Image: Leah Hodges
Alex Wong  /  Getty Images
New Orleans' resident Leah Hodges cries while telling Congress that Katrina victims "died from abject neglect" on Tuesday.
NBC News and news services
updated 12/6/2005 7:31:32 PM ET 2005-12-07T00:31:32

Black survivors of Hurricane Katrina said Tuesday that racism contributed to the slow disaster response, at times likening themselves in emotional congressional testimony to victims of genocide and the Holocaust.

The comparison is inappropriate, according to Rep. Jeff Miller, R-Fla. “Not a single person was marched into a gas chamber and killed,” Miller told the survivors.

“They died from abject neglect,” retorted community activist Leah Hodges. “We left body bags behind... The people of New Orleans were stranded in a flood and were allowed to die.”

Angry evacuees described being trapped in temporary shelters where one New Orleans resident said she was “one sunrise from being consumed by maggots and flies.” Another woman said military troops focused machine gun laser targets on her granddaughter’s forehead. Others said their families were called racial epithets by police.

“No one is going to tell me it wasn’t a race issue,” said New Orleans evacuee Patricia Thompson, 53, who is now living in College Station, Texas. “Yes, it was an issue of race. Because of one thing: when the city had pretty much been evacuated, the people that were left there mostly was black.”

According to a recent Gallup poll, NBC News’ Kerry Sanders reported on Tuesday, six out of every 10 black New Orleans residents said if most of Katrina’s victims were white, relief would have arrived sooner.

Discussions about race began almost immediately after Katrina hit on Aug. 29. On Sept. 9, according to NBC News, President George W. Bush told the public, “The storm didn’t discriminate and neither will we in the recovery effort.”

But victims disagree.

“I blame local. I blame state. I blame federal,” Katrina victim Doreen Keller said at Tuesday’s hearings. “I think we got disappointed by every rank of government that exists.”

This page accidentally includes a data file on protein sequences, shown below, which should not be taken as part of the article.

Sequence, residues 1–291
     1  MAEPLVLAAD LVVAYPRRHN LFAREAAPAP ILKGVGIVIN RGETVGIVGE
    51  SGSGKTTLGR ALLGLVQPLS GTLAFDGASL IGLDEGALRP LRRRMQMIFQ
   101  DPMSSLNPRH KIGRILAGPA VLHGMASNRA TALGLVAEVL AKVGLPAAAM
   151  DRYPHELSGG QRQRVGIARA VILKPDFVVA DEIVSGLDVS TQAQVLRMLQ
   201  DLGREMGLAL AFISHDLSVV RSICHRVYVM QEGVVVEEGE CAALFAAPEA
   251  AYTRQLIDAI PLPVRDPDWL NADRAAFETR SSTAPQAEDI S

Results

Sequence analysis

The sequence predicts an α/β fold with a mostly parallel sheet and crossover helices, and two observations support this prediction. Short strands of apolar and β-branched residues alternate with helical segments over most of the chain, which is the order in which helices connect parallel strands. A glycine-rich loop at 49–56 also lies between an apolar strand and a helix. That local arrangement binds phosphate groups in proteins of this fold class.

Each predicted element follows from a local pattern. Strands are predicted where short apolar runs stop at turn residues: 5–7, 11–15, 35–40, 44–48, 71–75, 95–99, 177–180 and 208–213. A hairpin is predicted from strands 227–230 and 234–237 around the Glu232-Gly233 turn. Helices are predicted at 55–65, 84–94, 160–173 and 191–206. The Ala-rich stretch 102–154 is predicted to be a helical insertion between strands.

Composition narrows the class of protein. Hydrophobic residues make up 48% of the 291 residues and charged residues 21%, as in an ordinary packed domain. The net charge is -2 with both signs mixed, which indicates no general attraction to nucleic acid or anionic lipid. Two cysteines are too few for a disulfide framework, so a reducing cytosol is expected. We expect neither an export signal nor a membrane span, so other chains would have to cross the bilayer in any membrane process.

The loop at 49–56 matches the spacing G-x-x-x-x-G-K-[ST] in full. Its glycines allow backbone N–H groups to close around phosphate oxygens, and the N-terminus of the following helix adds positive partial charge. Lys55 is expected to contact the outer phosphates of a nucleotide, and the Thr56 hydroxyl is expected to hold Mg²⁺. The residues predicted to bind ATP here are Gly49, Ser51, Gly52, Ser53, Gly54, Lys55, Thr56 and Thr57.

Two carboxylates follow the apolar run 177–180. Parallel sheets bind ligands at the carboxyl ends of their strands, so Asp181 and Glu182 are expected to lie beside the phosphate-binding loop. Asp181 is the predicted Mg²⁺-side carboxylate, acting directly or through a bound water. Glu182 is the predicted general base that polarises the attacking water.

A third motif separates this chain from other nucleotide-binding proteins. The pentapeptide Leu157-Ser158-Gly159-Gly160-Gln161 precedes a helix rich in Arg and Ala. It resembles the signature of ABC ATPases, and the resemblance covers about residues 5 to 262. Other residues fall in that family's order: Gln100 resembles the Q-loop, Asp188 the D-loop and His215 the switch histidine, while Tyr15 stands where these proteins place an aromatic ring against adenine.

‘I just don't frankly believe it’
Not all lawmakers seemed persuaded.

“I don’t want to be offensive when you’ve gone though such incredible challenges,” said Rep. Christopher Shays, R-Conn. But referring to some of the victims’ charges, like the gun pointed at the girl, Shays said: “I just don’t frankly believe it.”

“You believe what you want,” Thompson said.

Shays also questioned a claim that the federal government unleashed this tragedy on New Orleans’ black residents on purpose.

“I was on my front porch,” Diane Cole French said at the hearings. “I have witnesses that they bombed the walls of the levee.”

“I don’t know if that’s theater or the truth,” Shays responded.

‘We have to acknowledge it’
The hearing was held by a special House committee, chaired by Rep. Tom Davis, R-Va., investigating the government’s preparations and response to Katrina. It was requested by Rep. Cynthia McKinney, D-Ga., a member of the Congressional Black Caucus.

“Racism is something we don’t like to talk about, but we have to acknowledge it,” McKinney said. “And the world saw the effects of American-style racism in the drama as it was outplayed by the Katrina survivors.”

The five white and two black lawmakers who attended the hearing mostly sat quietly during two and a half hours of testimony. But tempers flared when evacuees were asked by Miller to not compare shelter conditions to a concentration camp.

“I’m going to call it what it is,” Hodges said. “That is the only thing I could compare what we went through to.”

Of five black evacuees who testified, only one said he believed the sluggish response was the product of bad government planning for poor residents — not racism.

NBC News’ Kerry Sanders and the Associated Press contributed to this report.

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